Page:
The Graha Norton novel comes to ITV.
I have to admit, I’m not a huge fan of cosy crime. I understand the appeal and can fully appreciate the umbrella of crime drama shelters a broad range of different types of crime drama, all with their things to say and depict.
But I had low-ish expectations of this ITV four-parter, adapted from the novel by Graham Norton.
Norton, a beloved comic and chatshow host, recently took to writing crime novels, but again this element left me a bit wary – never trust a celebrity who takes to writing novels. Sounds harsh, but it’s always a truism that celebs don’t often make for the best novelists.
However, I’m here to tell you that Holding – despite my reservations – was actually pretty good and an enjoyable, sensitively-handled watch.
It’s set in the sleepy, West Cork village of Duneen, fringed as it is by beautiful, lush countryside and invitingly deserted coves and beaches. So far, so cosy.
Duneen itself is populated by a ragtag of quirky characters – the grumpy housekeeper Mrs Meeney, the gossipy Mrs O’Driscoll and the trio of Ross sisters on the farm. And then there’s PJ Collins (Conleth Hill), a pudgy, timid gardaí who has a compulsion of shovelling crisps and white bread into his mouth when he’s stressed.
Thankfully for him, Duneen doesn’t provide too much stress. It’s bustling but is a small town and everything is as it should be – quiet, peaceful and days that melt into the next.
However, when human remains are discovered during building on a local farm things change. That’s when both the town’s and PJ’s slumber are rudely interrupted. With some Cork, city-based detectives sent in to assist PJ – who’s clearly terrified of this development and out of his depth – it’s quickly determined that the body could well be that of Tommy Burke, who disappeared from the area 20 years ago.
From the moment Burke’s name is mentioned, it stirs up a whole heap of buried memories for two women in particular – Bríd Riorden (Siobhán McSweeney), who Burke left at the alter, and his lover, Evelyn Ross (Charlene McKenna).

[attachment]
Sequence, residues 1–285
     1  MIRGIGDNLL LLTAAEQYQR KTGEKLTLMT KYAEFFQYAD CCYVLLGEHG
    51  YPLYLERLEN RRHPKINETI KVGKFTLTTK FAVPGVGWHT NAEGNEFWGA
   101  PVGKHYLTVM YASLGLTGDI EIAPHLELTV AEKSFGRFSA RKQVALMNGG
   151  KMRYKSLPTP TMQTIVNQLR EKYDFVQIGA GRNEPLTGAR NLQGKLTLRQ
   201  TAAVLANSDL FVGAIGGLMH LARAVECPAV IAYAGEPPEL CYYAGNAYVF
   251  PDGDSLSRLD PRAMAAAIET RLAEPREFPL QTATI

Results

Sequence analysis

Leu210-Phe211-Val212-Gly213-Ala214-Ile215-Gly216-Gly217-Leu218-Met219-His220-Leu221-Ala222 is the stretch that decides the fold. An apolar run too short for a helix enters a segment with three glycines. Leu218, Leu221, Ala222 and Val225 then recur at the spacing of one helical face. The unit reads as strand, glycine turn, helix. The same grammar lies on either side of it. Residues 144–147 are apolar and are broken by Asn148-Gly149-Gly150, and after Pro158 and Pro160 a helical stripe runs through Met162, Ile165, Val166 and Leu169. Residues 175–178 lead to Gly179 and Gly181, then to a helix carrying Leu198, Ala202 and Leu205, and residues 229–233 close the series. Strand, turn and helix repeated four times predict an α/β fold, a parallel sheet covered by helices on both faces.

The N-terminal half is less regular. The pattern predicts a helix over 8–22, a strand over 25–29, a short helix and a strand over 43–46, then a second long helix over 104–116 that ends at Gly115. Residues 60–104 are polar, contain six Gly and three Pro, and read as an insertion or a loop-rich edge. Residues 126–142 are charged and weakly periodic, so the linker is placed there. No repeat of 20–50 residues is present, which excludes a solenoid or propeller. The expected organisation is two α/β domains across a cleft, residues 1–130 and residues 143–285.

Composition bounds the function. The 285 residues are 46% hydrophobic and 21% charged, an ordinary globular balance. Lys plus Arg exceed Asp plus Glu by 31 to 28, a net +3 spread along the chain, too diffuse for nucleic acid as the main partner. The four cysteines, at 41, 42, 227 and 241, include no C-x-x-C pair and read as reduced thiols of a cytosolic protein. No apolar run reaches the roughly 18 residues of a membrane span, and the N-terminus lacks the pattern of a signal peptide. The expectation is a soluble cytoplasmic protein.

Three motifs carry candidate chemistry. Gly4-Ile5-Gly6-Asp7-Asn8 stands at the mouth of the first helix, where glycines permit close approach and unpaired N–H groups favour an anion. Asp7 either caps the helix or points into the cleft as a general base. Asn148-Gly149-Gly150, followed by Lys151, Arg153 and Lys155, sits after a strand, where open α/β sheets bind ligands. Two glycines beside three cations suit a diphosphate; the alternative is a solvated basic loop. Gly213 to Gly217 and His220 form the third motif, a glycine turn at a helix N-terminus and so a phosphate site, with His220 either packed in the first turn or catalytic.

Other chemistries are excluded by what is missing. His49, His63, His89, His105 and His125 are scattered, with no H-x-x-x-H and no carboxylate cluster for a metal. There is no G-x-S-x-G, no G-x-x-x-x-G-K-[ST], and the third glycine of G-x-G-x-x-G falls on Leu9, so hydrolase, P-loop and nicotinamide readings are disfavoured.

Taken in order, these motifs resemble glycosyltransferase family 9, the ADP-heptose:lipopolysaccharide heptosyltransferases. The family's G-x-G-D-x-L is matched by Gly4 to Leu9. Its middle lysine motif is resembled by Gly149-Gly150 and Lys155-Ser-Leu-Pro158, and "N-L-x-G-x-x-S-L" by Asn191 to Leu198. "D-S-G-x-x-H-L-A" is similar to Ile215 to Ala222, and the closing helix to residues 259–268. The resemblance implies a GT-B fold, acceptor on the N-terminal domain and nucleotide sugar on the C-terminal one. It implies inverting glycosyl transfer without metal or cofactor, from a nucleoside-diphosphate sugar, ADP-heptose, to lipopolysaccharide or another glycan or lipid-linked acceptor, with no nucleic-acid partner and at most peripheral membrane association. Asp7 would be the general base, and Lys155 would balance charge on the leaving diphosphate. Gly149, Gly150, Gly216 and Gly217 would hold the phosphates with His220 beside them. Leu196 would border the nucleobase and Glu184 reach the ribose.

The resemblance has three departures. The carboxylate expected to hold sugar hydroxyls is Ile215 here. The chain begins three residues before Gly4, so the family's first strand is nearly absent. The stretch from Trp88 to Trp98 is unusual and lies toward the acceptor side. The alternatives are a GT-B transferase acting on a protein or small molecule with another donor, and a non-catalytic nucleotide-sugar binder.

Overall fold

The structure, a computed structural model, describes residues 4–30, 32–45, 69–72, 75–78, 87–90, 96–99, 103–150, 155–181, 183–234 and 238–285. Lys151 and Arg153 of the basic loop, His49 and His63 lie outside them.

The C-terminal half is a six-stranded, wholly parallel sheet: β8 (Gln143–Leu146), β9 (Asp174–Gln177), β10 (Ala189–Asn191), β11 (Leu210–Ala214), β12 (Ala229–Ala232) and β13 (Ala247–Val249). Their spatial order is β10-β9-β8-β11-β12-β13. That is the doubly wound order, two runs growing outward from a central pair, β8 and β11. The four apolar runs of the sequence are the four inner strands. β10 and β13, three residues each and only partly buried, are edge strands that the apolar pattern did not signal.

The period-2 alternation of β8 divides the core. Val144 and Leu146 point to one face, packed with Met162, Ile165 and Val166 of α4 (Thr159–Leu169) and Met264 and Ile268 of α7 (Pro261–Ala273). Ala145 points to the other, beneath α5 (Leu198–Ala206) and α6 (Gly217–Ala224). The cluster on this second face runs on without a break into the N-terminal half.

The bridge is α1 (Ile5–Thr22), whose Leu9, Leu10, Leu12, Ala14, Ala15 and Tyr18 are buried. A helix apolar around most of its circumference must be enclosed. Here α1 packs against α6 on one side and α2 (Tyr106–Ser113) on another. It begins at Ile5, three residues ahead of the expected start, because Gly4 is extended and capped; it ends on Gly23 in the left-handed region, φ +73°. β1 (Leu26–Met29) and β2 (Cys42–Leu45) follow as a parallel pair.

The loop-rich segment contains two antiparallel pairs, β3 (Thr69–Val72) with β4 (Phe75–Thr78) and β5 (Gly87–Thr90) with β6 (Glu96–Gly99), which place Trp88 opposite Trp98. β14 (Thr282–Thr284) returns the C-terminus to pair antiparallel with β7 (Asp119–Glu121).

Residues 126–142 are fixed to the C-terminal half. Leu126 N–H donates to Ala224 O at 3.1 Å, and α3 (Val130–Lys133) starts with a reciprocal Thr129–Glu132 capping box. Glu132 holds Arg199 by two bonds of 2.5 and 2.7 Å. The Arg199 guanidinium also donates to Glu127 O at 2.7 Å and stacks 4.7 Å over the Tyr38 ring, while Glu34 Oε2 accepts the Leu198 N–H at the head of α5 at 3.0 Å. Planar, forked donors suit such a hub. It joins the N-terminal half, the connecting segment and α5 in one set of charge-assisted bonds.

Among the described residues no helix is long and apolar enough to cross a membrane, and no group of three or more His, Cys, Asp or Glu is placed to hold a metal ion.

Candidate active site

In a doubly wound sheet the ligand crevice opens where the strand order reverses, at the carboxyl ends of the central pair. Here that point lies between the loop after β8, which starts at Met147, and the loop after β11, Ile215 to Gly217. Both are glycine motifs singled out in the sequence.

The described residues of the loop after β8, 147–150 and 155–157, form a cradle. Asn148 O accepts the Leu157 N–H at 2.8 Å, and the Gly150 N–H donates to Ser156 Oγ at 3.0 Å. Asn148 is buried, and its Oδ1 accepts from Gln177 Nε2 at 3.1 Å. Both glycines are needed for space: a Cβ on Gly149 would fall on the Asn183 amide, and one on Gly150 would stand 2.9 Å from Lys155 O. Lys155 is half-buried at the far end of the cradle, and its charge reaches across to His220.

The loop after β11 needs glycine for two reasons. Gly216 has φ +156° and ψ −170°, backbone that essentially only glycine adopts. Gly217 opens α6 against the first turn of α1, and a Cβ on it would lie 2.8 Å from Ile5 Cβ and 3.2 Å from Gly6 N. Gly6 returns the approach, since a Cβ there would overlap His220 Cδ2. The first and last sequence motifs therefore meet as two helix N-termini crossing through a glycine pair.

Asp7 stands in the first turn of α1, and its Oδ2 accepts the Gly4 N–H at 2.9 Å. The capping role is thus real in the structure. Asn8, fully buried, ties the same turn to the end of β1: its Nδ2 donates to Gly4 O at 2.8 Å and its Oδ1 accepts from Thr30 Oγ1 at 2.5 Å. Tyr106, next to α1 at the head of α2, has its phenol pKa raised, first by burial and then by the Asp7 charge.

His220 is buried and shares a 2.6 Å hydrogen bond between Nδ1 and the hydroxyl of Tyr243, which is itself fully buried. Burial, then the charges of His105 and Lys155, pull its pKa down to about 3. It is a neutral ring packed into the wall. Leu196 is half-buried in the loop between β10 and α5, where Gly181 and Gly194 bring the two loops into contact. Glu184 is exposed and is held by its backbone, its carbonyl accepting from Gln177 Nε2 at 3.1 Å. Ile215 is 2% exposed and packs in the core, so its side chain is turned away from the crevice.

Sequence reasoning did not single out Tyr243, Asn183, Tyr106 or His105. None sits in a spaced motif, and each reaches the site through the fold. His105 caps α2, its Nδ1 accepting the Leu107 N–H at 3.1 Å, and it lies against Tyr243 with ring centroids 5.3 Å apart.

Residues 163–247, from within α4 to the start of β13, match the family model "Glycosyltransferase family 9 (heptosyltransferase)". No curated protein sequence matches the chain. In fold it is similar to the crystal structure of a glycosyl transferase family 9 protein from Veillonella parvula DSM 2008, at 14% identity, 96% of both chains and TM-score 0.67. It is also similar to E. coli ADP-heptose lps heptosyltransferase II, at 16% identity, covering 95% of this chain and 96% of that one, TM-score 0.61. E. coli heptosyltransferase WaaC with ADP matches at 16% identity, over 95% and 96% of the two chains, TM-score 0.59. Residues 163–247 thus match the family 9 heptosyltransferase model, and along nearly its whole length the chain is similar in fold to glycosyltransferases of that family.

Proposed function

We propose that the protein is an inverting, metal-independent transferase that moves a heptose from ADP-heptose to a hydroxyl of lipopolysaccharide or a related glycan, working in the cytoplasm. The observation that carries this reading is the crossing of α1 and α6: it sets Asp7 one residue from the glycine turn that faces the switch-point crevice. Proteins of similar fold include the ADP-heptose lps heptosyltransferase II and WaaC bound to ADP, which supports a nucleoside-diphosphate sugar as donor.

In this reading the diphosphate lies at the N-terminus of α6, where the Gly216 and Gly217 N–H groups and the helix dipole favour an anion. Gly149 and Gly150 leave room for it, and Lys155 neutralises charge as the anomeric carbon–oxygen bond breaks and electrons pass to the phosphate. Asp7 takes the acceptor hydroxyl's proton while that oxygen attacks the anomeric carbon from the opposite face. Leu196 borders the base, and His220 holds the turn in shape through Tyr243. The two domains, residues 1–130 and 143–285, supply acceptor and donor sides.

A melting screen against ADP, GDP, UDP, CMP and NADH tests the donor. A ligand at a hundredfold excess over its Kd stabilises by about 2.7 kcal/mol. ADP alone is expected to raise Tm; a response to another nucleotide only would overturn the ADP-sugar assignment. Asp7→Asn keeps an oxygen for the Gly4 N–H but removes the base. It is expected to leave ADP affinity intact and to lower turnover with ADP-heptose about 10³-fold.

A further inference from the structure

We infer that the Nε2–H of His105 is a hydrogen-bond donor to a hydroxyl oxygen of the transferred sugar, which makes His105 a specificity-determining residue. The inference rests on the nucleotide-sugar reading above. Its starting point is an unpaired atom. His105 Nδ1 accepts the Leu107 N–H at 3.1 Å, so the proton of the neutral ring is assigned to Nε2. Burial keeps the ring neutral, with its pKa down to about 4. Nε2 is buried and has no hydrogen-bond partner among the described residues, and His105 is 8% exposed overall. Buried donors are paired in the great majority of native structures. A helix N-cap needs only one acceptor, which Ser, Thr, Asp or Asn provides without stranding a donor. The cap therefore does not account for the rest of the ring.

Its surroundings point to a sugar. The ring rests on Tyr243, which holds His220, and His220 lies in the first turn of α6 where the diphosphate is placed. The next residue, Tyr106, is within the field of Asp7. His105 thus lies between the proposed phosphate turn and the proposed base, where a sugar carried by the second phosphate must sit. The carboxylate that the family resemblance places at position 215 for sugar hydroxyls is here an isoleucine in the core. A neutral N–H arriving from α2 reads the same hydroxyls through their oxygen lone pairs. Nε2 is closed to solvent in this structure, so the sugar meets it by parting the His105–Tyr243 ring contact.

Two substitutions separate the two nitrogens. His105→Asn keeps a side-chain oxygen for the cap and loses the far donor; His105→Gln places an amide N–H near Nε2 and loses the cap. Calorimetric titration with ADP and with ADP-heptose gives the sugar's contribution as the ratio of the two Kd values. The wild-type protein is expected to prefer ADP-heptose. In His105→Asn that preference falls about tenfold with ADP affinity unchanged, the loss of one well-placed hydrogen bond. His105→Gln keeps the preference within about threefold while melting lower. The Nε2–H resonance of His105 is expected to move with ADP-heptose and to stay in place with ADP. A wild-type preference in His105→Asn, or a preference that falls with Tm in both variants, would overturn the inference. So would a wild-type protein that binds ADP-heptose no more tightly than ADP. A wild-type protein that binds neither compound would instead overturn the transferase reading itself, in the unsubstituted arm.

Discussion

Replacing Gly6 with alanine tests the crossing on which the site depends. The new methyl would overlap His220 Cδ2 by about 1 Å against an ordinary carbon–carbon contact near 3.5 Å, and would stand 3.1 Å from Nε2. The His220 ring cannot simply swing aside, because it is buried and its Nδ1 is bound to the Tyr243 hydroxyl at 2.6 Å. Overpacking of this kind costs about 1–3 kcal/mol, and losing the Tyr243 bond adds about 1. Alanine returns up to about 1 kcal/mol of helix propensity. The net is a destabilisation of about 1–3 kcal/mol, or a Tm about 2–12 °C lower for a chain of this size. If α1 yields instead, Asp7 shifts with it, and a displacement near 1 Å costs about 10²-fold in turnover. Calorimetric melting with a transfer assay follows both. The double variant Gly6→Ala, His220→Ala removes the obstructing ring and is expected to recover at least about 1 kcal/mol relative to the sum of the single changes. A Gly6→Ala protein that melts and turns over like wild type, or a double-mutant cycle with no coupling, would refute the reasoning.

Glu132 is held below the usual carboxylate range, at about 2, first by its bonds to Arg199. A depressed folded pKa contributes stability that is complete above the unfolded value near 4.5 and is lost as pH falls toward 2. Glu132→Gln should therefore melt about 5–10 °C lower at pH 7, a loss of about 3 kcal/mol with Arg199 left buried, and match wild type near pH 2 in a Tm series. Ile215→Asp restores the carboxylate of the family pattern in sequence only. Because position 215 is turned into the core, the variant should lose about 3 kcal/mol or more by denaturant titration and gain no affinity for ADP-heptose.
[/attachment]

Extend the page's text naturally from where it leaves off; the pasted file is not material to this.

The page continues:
As the plot, which gets a bit convoluted as the episodes tick by, develops there’s the ‘small town, big secrets’ trope, something that we’ve seen time and time again in many crime dramas.
But what makes Holding work so well is not the depth of the plot, it’s the genuinely fine performances from the ensemble cast, and a willingness to revel in the richness of character. And that’s down to good writing (yes you, Graham Norton). The real boon of Holding is that it never feels like a pastiche or a Father Ted-style lampooning of Irish small-town communities.
While the humour is there it’s never in your face, more gentle quirkiness rather than ‘to be sure’ caricatures. All the characters have lived lives, have made mistakes and have fallen in love when they shouldn’t have. And now they’re having to deal with the consequences of their actions.
There’s a lot to like here, mostly in the richness of characterisation and depth of performance. Every time I see Charlene McKenna she gets better and better (Peaky Blinders, Bloodlands etc), and here she’s full of spirit, recklessness but also vulnerability. Siobhan McSweeney, too, is excellent as is Brenda Fricker, who delivers an acting masterclass when she reveals her own devastating secret.
And there’s Conleth Hill, who as the main character PJ is loveable and someone you almost write off – he’s content to be in the background but is waging his own private war against his own demons. It’s a skilful performance from Hill.
Holding is not perfect by any means. Some characters feel superfluous and do not work at all (see DI Linus Dunne), and it does jump around a little bit. But overall Holding is a quirky, enjoyable cosy crime drama populated by characters you’d quite like to see again.
After series one’s success, I wouldn’t bet against ITV taking another trip to Duneen in the near future.
Holding is now available to stream in the UK on ITV Hub